10 LGBT+ Movies That Aren’t About Coming Out


Coming out of the closet is a momentous milestone for many people in the LGBT+ community. It marks a time when LGBT+ people proclaim their sexual orientation, romantic orientation, or gender identity. Many popular LGBT+ movies like Greg Berlantic‘s Love, Simon or Craig Johnson’s Alex Strangelove focus on the coming out narrative.



Related: LGBTQ+ Movies to Anticipate in 2022

While depicting such an important storyline has seen a large increase in the diversity of coming-of-age movie narratives, there are many flaws to being limited to this storyline. The linear finality of the coming out narrative is very restrictive, and the experiences of the LGBT+ community are far more diverse than the coming out narrative implies. Luckily, many films explore LGBT+ experiences beyond the coming-out narrative.

COLLIDER VIDEO OF THE DAY

‘Booksmart’ (2019)

Amy (Kaitlyn Dever) has been out since the tenth grade, and on the eve of her high school graduation, she teams up with her best friend Molly (Beanie Feldstein) to make the most of their last night as high schoolers.

Olivia Wilde‘s 2019 directorial debut booksmartfollows the classic teen movie formula with a refreshingly modern, feminist, and queer twist. Amy’s attempts at love on her last night as a high schooler is a relatable tale for LGBT+ high achieving students who want to enjoy the same coming-of-age experiences as their peers.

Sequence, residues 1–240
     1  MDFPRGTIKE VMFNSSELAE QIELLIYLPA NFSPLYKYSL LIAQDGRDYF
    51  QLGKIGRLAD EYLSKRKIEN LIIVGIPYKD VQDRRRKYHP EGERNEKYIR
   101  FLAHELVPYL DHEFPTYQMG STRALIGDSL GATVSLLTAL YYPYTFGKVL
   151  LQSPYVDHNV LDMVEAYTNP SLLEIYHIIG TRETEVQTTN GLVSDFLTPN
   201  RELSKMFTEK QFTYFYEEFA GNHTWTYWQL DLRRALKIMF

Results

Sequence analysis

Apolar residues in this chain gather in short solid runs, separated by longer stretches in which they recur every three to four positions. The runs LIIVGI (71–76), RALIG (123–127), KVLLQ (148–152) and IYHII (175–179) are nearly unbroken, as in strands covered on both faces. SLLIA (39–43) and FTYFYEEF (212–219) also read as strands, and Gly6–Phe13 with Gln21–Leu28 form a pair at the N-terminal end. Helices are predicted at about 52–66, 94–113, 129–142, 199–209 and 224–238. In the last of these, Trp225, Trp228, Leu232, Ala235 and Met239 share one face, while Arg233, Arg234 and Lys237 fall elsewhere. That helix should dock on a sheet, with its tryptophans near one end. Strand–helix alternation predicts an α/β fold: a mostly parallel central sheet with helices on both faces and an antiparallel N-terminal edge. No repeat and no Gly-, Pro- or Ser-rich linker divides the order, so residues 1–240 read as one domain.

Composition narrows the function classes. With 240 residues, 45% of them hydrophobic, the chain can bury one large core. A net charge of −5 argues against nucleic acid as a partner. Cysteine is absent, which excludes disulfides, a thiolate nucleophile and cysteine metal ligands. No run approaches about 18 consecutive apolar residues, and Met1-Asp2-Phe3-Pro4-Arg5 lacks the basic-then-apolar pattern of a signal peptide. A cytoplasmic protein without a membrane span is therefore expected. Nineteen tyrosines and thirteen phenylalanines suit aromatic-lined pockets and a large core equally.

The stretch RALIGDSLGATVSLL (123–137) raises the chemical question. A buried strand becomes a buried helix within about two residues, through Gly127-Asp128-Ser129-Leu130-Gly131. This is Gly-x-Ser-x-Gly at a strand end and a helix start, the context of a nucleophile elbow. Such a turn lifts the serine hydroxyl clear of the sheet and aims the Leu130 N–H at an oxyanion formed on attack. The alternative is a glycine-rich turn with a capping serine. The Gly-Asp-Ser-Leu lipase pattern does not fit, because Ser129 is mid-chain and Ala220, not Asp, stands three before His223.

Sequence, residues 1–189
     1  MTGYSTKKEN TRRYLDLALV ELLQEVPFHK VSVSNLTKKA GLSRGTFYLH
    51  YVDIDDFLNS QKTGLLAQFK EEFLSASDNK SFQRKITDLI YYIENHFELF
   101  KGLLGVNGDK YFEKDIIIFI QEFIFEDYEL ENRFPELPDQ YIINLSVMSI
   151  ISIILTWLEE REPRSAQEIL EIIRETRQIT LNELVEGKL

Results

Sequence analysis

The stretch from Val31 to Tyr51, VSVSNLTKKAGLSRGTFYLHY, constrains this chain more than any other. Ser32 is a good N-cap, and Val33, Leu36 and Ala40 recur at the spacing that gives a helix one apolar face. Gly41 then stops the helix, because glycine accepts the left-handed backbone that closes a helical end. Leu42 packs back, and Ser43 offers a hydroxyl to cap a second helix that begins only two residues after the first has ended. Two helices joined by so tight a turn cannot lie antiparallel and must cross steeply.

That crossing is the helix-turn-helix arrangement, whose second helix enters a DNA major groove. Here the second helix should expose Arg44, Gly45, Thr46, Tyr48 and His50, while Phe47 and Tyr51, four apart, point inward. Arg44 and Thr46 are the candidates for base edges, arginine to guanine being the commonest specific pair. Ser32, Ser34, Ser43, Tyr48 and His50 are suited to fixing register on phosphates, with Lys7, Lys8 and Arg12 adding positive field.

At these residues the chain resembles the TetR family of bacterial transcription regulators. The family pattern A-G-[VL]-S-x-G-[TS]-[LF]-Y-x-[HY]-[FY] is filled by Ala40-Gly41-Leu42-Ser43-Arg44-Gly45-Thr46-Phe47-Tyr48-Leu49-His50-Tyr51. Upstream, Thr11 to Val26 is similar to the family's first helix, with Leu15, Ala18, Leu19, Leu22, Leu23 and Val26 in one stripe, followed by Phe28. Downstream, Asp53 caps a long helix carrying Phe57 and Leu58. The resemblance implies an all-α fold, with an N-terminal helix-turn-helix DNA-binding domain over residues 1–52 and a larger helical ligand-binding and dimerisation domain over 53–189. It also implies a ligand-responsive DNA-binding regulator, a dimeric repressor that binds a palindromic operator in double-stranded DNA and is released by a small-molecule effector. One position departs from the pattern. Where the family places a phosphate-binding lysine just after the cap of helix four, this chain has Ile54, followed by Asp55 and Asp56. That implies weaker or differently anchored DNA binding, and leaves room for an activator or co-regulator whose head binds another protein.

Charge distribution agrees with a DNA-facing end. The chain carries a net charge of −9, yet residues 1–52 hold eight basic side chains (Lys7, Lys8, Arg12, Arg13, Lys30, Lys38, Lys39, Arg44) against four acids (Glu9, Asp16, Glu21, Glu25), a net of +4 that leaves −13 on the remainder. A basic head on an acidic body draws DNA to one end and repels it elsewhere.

‘The Kids Are All Right’ (2010)

nic (Annette Bening) and Jules (Julianne Moore) are the proud lesbian parents of Joni (Mia Wasikowska) and Laser (Josh Hutcherson). When the two children come of age, they seek out their mothers’ sperm donor, Paul (Mark Ruffalo), and bring him into their family’s life.

Lisa Cholodenko‘s 2010 Oscar-nominated film The Kids Are All Rightdepicts an unconventional family dynamic. With equal parts comedy and drama, this film is a realistic description of LGBT+ family structures outside the typical nuclear convention.

‘Carol’ (2015)

Therese (Rooney Mara) works in a department store during the busy Christmas season in 1952 when she meets Carol (Cate Blanchett). The two fall for each other, however when a private investigator is hired by Carol’s ex-husband Harge (Kyle Chandler) to obtain evidence of her homosexuality to grant him full custody of their child, Therese and Carol’s relationship isn’t the only thing at stake.

Related: More LGBTQ+ Period Drama to Watch After ‘Our Flag Means Death’

The 2015 period movie Caroldirected by Todd Haynes is a glimpse into the life and struggles of LGBT+ people during an era when it was widely unaccepted.

‘BPM (Beats per Minute)’ (2017)

Set in Paris in the early 1990s, BPM (Beats per Minute) follows a group of young activists rising against the French government’s poor response to the AIDS epidemic that was affecting the lives of many gay men.

Directed by Robin Campillo, BPM brings the true story of French AIDS activism to the big screen. Depicting ACT UP, the real-world political group that worked to improve the lives of people with AIDS, BPM reveals an important chapter in LGBT+ activism in France.

‘Pride’ (2014)